• HB2675 HD1 SD2 CD1 which appropriates funds for research to combat rapid ohia death.
  • SB2659 SD2 HD1 CD1 which establishes an industrial hemp pilot program.
  • HB1907 HD2 SD2 CD1 requires all law enforcement agencies and departments charged with maintenance, storage, and preservation of sexual assault evidence collection kits to conduct an inventory of all stored kits and report to the Attorney General.
  • SB2618 SD1, HD2, CD1 requires the department of transportation to conduct a feasibility study of establishing an interisland and intra-island ferry system.
  • SB2954 SD2 HD1 authorizes county police departments to enroll firearms applicants and individuals who are registering their firearms into a criminal record monitoring service used to alert police when an owner of a firearm is arrested for a criminal offense anywhere in the country.
  • SB2647 SD1 HD2 prohibits the sale, offer to sell, purchase, trade, or possession with intent to sell, or barter of any part or product from various animal and marine species. Provides exceptions for traditional cultural practices protected under the State Constitution.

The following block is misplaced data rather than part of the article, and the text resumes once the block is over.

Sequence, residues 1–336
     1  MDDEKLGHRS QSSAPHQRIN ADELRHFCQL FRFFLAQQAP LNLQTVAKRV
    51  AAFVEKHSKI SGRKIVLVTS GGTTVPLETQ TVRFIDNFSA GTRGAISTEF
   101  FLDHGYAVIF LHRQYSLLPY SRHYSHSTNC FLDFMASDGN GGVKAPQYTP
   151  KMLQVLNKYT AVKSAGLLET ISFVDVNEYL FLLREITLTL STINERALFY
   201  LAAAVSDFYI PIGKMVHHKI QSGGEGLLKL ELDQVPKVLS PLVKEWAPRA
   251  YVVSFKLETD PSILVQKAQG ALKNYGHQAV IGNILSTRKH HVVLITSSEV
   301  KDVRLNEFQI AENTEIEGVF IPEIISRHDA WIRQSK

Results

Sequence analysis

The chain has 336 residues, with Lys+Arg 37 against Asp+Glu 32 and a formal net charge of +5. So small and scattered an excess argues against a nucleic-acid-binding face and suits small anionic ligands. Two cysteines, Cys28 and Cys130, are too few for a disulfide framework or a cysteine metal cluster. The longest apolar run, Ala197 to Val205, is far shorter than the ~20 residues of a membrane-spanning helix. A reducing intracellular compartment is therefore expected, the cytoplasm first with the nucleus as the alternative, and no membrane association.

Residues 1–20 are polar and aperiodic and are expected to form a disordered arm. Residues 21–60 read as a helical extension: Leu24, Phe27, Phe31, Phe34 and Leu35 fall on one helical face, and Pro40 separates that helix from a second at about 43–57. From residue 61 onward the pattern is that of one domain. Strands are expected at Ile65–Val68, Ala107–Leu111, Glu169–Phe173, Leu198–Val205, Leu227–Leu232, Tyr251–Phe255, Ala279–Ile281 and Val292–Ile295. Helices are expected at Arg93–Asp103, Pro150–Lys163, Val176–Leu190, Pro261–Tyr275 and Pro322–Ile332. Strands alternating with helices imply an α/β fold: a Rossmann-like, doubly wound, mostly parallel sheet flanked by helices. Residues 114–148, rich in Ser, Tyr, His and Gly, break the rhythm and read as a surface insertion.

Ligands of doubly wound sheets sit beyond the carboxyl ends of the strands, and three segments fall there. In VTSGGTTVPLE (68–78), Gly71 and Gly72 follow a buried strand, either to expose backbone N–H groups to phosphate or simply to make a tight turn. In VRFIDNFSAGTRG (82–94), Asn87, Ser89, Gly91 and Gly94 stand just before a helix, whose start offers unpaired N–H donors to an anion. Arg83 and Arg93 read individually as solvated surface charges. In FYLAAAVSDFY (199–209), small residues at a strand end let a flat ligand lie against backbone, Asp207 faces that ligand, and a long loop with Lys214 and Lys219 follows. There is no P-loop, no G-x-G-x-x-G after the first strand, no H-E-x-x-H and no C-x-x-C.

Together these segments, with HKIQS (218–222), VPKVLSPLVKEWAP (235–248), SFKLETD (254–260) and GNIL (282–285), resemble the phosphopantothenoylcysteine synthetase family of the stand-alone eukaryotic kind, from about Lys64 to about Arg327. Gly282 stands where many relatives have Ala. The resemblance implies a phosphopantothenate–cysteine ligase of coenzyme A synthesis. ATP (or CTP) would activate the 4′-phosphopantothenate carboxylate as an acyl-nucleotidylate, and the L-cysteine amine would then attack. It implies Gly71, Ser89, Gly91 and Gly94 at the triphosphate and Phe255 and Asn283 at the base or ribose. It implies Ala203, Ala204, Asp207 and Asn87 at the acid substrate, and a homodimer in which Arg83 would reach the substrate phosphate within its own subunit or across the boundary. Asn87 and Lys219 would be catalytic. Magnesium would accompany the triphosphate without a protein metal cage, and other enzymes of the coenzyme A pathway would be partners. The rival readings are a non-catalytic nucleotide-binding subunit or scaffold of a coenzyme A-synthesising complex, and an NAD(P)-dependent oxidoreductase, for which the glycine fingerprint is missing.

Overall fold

The Senate recommitted SB2816, SD1 HD2 which would have amended the criminal trespass law to apply to state properties regardless of whether it is fenced, enclosed, or otherwise secured and HB32, SD2 CD1 which would have clarified crosswalk procedures and establish safety precautions at crosswalks.

The bills that were adopted on final reading and passed by the House will now be enrolled to the Governor for his signature, veto or passage without his signature.

For a list of all the bills that were voted on Final Reading, visit www.capitol.hawaii.gov

Local Artist Files “Breach of Contract” Lawsuit Against Dubai Based Retail Giant

Well known local artist Brad “Tiki Shark” Parker and his company Tiki Shark Art Inc, who are currently featured in Hana Hou – The magazine of Hawaiian Airlines, filed a “breach of contract” lawsuit against Dubai based retail giant Mohamed Al Hashemi Enterprises.

Brad in Hana Hou“Its so strange to be sought after, revved up for huge project on a International scale and then unceremoniously dropped” quoted artist Parker who is also the owner of Tiki Shark Art Inc. “A Hawaii judge has already ruled in my favor and now it seems the Middle Easterner’s continue to ignore and disrespect that decision? I am puzzled and distraught.”